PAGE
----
At the end of her book Tigerlily’s Orchids, mystery writer Ruth Rendell, talks about one of her characters watching some new neighbours who have moved in across the street: “Duncan watched them from his front windows, imagining lives and dramas for them that bore no relation to reality.”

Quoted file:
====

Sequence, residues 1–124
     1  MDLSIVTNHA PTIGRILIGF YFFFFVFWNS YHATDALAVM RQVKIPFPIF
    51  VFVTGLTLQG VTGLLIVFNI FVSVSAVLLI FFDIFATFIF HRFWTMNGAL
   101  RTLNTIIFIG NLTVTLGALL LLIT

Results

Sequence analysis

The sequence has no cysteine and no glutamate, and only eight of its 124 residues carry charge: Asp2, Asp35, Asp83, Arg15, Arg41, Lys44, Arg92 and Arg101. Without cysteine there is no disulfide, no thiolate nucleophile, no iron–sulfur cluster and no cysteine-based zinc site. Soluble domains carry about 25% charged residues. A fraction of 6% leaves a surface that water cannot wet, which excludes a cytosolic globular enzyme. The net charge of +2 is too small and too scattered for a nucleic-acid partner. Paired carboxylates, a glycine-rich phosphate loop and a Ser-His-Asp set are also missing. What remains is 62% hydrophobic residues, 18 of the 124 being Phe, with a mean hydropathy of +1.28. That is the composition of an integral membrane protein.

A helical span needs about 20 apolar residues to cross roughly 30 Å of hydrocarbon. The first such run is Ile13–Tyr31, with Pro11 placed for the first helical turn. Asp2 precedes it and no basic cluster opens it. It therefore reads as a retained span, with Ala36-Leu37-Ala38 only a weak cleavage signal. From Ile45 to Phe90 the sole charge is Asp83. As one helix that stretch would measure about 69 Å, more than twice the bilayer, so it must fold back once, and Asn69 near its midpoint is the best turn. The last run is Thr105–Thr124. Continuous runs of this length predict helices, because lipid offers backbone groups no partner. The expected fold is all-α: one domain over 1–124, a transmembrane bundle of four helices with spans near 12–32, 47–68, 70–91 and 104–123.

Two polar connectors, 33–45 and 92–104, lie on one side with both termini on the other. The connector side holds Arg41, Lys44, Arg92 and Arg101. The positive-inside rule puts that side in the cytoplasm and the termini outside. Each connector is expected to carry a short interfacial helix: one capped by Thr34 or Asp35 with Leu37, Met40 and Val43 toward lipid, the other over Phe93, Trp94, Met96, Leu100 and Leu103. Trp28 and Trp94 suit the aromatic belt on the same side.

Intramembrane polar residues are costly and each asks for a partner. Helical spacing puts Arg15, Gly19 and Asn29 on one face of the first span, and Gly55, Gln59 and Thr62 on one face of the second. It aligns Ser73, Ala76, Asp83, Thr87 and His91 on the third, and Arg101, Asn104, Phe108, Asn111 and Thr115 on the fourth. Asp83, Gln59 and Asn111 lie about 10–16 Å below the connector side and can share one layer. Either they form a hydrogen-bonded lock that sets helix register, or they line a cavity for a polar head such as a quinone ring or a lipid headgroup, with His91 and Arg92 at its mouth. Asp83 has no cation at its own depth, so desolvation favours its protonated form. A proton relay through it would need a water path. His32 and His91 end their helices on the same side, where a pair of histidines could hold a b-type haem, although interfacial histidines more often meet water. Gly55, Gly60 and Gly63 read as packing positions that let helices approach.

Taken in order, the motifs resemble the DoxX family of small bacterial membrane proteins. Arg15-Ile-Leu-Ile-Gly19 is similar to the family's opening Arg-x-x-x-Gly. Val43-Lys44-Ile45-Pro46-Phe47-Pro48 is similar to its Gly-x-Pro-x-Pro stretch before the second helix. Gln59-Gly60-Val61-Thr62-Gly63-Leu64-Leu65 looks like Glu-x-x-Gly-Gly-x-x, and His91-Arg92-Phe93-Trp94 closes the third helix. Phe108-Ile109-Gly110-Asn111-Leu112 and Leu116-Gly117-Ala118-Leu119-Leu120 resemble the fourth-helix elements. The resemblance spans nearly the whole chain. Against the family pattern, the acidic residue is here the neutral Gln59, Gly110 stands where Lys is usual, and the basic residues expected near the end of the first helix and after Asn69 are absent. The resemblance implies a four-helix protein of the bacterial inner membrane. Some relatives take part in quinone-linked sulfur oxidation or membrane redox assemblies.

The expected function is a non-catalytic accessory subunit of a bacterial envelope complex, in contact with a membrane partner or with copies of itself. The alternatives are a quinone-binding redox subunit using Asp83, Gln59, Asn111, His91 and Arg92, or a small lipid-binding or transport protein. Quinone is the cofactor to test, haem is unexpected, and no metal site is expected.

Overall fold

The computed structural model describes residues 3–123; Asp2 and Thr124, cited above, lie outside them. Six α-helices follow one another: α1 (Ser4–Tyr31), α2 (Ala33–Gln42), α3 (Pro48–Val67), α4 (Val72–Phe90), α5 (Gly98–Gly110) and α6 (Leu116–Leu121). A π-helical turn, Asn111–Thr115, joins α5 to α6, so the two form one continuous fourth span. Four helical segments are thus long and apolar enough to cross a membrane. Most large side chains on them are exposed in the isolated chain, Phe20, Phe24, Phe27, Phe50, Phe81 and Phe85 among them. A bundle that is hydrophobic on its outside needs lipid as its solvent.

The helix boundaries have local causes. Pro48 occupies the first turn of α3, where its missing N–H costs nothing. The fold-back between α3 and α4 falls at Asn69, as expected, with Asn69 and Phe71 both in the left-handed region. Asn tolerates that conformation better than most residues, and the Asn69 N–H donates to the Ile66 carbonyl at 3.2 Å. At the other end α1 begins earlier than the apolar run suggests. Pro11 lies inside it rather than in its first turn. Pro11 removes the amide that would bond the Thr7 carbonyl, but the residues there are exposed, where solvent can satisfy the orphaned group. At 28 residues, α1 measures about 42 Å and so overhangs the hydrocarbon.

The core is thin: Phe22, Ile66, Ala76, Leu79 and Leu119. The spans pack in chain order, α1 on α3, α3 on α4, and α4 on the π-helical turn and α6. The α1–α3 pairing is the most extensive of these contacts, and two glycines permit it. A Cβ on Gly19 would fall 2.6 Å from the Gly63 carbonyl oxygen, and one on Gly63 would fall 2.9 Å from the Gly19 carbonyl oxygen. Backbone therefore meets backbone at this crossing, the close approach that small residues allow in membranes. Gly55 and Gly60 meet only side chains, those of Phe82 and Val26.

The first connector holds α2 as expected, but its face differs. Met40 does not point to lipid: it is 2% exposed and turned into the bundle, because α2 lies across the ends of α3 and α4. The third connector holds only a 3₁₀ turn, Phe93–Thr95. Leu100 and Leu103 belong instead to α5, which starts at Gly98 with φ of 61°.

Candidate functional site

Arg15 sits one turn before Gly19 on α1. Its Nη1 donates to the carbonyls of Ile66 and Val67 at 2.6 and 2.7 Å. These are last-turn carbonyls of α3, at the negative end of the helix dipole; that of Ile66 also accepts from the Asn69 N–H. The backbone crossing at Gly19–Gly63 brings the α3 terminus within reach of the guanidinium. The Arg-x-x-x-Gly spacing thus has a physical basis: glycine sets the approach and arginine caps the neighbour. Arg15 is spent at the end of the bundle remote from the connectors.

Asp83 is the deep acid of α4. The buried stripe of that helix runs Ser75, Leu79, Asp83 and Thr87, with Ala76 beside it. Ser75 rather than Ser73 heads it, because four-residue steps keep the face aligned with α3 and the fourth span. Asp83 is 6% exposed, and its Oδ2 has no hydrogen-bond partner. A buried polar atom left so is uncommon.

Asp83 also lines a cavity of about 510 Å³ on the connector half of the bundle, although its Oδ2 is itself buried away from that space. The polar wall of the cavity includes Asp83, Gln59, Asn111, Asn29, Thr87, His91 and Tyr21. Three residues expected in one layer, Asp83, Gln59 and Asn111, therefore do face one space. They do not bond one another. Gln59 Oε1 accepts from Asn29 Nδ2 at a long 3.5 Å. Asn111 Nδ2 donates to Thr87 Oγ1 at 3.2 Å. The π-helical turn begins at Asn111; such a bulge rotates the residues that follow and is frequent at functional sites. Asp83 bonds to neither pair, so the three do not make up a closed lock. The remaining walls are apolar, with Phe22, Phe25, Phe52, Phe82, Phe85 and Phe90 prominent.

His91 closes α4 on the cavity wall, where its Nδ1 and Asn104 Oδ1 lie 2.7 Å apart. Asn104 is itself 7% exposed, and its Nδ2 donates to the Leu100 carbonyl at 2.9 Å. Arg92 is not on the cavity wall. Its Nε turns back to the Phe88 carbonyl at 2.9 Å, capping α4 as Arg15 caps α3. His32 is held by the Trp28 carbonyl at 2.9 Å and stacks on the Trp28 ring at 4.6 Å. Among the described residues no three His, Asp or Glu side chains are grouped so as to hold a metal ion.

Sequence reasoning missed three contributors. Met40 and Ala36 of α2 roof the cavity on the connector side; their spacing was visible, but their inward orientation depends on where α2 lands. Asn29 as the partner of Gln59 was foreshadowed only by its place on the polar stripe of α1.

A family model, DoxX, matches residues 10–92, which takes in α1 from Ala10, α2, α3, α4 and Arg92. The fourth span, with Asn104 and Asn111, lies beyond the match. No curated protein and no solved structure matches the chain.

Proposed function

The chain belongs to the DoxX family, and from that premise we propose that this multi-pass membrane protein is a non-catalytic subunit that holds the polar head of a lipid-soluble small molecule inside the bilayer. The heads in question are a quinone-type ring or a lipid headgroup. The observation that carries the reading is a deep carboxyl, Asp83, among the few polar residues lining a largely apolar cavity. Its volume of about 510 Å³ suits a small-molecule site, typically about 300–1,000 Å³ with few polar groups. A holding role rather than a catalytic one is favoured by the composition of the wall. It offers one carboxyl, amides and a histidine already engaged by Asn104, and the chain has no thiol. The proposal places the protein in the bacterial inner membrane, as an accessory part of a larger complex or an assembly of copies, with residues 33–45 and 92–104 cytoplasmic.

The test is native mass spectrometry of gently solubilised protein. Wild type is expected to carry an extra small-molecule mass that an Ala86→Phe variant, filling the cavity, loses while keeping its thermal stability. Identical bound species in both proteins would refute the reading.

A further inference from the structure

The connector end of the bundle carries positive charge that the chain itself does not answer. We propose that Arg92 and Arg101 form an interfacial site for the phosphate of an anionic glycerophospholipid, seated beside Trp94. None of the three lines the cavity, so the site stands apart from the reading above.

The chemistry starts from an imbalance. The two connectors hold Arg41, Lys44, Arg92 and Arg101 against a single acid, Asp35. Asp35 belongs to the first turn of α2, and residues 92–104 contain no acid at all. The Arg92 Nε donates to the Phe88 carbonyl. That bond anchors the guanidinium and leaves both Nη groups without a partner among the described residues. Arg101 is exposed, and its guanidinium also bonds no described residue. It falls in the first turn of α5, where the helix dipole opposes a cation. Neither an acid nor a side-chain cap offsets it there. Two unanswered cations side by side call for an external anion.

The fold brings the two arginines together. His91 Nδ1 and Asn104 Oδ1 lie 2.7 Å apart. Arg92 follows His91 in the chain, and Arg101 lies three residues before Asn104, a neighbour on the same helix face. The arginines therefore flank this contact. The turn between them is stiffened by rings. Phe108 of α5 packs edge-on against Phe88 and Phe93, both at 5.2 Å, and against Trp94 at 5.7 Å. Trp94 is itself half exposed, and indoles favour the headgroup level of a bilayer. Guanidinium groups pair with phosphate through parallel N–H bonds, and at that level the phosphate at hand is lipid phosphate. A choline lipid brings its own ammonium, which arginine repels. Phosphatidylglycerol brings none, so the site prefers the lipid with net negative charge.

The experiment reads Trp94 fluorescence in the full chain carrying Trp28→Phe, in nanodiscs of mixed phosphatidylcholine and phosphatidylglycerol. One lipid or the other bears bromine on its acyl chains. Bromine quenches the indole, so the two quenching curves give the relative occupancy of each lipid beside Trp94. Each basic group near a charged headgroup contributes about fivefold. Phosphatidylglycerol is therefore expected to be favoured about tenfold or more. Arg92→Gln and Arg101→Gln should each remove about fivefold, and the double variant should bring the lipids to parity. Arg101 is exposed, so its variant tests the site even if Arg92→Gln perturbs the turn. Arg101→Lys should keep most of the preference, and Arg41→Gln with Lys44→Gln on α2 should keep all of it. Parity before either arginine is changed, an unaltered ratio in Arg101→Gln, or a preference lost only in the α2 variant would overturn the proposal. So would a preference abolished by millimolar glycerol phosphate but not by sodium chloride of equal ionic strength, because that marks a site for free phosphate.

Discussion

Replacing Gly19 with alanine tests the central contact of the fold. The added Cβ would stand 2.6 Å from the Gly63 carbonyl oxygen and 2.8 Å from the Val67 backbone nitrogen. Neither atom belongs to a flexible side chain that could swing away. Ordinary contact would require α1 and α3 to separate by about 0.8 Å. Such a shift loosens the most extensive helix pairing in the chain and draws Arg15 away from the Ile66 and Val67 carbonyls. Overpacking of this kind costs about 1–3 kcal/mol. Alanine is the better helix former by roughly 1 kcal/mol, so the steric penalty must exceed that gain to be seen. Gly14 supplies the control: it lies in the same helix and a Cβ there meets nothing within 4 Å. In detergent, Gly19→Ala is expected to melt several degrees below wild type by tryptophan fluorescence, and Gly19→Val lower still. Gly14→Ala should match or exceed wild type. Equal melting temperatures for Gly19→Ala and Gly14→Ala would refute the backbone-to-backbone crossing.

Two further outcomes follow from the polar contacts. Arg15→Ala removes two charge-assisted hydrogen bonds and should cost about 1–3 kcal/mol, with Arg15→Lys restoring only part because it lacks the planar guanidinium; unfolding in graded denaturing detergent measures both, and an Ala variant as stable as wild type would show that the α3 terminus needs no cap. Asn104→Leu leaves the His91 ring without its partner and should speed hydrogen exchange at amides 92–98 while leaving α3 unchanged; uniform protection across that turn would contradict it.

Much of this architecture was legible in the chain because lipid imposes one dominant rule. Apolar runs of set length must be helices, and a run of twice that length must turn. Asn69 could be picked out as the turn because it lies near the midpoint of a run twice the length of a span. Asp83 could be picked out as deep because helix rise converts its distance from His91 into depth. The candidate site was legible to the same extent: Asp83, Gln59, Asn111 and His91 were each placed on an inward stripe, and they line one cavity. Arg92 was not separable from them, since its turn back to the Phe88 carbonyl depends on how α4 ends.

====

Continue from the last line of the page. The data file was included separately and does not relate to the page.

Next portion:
Rendell here reveals one of the distinguishing characteristics of writers—they are inveterate people watchers. They are like the characters Tina Fey and Steve Carrel play in the movie Date Night. In airports, on buses, in movie theatres, in stores, in restaurants, on the street, they are invariably watching people—how they look, how they move, how they talk, how they react. It is research. In this way, writers become experts in the human condition. It is this truth about human beings which they reveal in their novels and which makes their fiction so true to life. Yes, they imagine things about the people they see that are not true of those particular people—but they are true of people in general. And that is why we read, to learn what writers have learned, so that they can teach us about ourselves.